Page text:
By Jef With One F
By Rocks Off
By Chris Lane
By Angelica Leicht
By Corey Deiterman
By Angelica Leicht
By Corey Deiterman
White People playfully promotes the virtues of physical beauty and social grace, but don't let the album's humor fool you. Although punctuated by hilarious skits from Saturday Night Live alums Father Guido Sarducci and Tim Meadows, this record also tackles some pretty serious issues --sometimes satirically, sometimes forthrightly -- such as caste discrimination ("Class System") or crack use ("A Day in the Life"). Most effective, the single "The World's Gone Mad" preaches the importance of loving one's brother despite superficial differences, and appropriately brings together such diverse artists as Franz Ferdinand vocalist Alex Kapranos, reggae artist Barrington Levy and repeat offender Del to show us how. Handsome indeed. -- Joshua Rotter
Con Todo Respeto
Except in a couple of places, this is what a covers record should be like. Take some songs everybody is familiar with (but not too familiar with), a few that aren't so obvious, and totally remake them. Change their genres, hell, even change the language they're sung in, but leave the essence be. It should take you about 15 seconds to know that you're listening to a remake, and then you should fall right in, no matter how transformed the sound might be.
And if you were bilingual, you could do that on Molotov's Con Todo Respeto (With Due Respect). The first firebomb the madcap Mexicans toss is aimed at Falco's "Rock Me Amadeus," which is reborn here as the rap-metal "Amateur," complete with Mozart samples. The Misfits' "I Turned into a Martian" is reborn as a plinking-guitar-led cumbia-like rap called "Marciano," while the Beasties' "Girls" is reincarnated as the hand-clapping, bilingual punk garage rocenrol number "Chavas." On the mash-up-like "Agüela," currently playing on Mega 101, the Clash's "Magnificent Seven" carries the song from one "Bust a Move" chorus to another, as the words from a Mexican rock song are laid over the top. Houston connection: "Perro Negro Granjero" recycles ZZ Top's "La Grange" riff.
Two of the tunes remain more or less faithful to the originals: "La Revo" (Gil Scott-Heron's "The Revolution Will Not Be Televised") and Trio's "Da Da Da." The Scott-Heron cover works, thanks mostly to the fact that it just sounds cool in Spanish and there are amusing Nirvana and Zeppelin references in the guitars. The Trio cover is identical to the original save for the Spanish lyrics. I guess you just can't fuck with stuff that was that minimalist to begin with, 'cause otherwise Molotov would have. -- John Nova Lomax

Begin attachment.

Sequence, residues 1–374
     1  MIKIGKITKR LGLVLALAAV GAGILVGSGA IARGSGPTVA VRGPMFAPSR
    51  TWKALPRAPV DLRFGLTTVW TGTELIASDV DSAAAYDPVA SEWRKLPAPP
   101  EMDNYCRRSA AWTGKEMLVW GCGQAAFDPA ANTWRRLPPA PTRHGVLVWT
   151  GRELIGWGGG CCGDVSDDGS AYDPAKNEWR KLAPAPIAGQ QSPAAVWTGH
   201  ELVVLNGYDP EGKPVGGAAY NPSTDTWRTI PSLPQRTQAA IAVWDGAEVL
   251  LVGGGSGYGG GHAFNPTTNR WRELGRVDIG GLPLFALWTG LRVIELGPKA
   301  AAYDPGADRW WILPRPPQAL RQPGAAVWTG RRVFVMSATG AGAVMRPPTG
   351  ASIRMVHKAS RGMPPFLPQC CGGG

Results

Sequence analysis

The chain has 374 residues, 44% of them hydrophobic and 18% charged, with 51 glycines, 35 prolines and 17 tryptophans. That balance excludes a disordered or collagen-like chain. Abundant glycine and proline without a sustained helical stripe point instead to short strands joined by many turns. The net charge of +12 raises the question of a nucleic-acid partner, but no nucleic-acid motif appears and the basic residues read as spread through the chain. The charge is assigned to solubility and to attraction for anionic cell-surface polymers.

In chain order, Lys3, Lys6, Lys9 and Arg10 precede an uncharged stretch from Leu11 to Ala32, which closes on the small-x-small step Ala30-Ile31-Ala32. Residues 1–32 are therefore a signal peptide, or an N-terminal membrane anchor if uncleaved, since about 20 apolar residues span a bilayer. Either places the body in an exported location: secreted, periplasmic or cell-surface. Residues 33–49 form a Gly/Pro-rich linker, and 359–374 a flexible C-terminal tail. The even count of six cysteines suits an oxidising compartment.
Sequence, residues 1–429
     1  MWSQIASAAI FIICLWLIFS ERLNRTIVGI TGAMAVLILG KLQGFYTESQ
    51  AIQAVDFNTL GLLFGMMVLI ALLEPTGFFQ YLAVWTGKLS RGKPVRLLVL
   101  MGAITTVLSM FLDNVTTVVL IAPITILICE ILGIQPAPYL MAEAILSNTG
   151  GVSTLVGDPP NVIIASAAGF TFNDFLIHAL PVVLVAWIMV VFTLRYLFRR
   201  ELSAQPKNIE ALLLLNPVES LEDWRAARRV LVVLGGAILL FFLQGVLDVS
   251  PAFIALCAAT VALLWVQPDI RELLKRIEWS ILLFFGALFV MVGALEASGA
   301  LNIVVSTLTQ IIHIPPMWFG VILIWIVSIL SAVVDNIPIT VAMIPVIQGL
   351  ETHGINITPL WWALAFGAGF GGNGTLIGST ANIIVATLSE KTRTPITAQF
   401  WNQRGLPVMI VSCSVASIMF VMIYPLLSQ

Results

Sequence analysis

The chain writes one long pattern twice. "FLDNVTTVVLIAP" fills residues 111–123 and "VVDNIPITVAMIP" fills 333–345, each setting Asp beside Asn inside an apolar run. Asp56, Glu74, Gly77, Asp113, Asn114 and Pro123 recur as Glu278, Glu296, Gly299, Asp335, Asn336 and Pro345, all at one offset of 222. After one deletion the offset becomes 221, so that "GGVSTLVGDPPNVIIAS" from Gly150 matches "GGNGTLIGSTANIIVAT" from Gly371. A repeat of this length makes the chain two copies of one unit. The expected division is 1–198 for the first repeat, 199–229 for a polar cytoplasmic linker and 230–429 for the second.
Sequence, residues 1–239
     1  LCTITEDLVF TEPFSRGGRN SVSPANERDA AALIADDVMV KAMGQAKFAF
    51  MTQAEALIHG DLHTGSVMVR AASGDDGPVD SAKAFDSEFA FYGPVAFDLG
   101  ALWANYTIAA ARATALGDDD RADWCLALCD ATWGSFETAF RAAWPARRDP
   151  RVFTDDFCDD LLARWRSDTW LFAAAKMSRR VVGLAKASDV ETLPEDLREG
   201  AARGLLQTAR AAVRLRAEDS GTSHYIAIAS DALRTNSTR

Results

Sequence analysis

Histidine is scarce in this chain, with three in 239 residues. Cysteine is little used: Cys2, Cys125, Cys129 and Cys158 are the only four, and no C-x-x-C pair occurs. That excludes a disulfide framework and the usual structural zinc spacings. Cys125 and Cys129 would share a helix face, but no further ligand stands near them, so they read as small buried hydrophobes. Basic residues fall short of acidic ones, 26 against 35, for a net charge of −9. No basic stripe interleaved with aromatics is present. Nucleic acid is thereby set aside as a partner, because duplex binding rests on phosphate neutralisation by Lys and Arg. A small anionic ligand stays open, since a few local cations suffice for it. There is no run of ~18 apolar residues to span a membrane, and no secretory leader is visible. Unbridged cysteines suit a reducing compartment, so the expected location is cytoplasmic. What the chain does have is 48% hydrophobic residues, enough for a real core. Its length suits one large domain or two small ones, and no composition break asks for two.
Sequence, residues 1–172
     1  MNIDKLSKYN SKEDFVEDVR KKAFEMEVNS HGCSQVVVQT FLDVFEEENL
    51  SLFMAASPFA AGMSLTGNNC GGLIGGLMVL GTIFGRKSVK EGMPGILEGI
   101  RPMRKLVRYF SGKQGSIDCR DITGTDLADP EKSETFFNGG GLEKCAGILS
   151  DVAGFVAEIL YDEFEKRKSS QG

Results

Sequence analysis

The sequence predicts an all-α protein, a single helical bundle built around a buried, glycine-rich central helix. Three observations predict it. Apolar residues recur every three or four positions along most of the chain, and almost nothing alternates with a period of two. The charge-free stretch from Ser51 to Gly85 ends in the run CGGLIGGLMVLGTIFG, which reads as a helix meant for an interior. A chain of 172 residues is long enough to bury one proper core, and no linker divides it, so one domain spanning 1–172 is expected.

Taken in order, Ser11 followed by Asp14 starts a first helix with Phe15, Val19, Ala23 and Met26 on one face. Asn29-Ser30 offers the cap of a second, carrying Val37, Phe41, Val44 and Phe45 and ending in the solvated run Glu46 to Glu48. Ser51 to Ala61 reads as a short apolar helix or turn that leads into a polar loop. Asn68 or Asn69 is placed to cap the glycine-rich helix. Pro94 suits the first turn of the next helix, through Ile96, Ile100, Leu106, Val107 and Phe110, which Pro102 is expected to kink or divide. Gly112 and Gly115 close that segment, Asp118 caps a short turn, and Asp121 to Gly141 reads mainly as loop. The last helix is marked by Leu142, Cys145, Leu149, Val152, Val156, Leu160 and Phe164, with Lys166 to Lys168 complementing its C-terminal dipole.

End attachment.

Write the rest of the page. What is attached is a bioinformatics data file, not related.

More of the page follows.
Initially I was immune to the baroque fabulousness of Want One, the precursor to Want Two, Wainwright's fifth album -- that is, until One's gut-ripper "Go or Go Ahead" followed me around like a larger-than-life washed-up cinema star desperate for work. I gave her a starring role on my iPod for about two months. But Want Two hasn't really provided that "I'm ready for my close-up, Mr. DeMille" moment -- so far. The old girl might have some potential yet, though. "Agnus Dei" is obscenely self-indulgent, with Wainwright stretching his vocal cords around opulent Latin melismas, while a plaintive fiddle and glistening, barely moving strings follow him from Eastern to Western tonalities. Like Debussy with a schoolgirl/boy's crush, Wainwright gives commonplace tricks of the heart his trademark slurred grandiosity on "The Art Teacher." And with its hodgepodge of old-country melodies and nightclub slink, "Old Whore's Diet" offers not only one of the best song titles ever, but also the album's best track. Well, pour me a champagne cocktail and call me Norma Desmond, I do believe I'm sold after all. -- Rachel Devitt